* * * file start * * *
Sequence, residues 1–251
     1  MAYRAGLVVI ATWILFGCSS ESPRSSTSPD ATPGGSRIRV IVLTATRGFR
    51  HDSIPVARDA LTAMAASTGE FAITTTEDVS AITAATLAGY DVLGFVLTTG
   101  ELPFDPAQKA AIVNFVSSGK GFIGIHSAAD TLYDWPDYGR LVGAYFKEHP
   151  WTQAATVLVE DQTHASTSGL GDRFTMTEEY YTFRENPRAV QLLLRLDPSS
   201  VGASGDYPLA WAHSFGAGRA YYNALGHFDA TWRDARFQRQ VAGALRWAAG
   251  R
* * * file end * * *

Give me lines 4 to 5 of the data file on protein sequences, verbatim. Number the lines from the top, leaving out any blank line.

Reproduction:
   101  ELPFDPAQKA AIVNFVSSGK GFIGIHSAAD TLYDWPDYGR LVGAYFKEHP
   151  WTQAATVLVE DQTHASTSGL GDRFTMTEEY YTFRENPRAV QLLLRLDPSS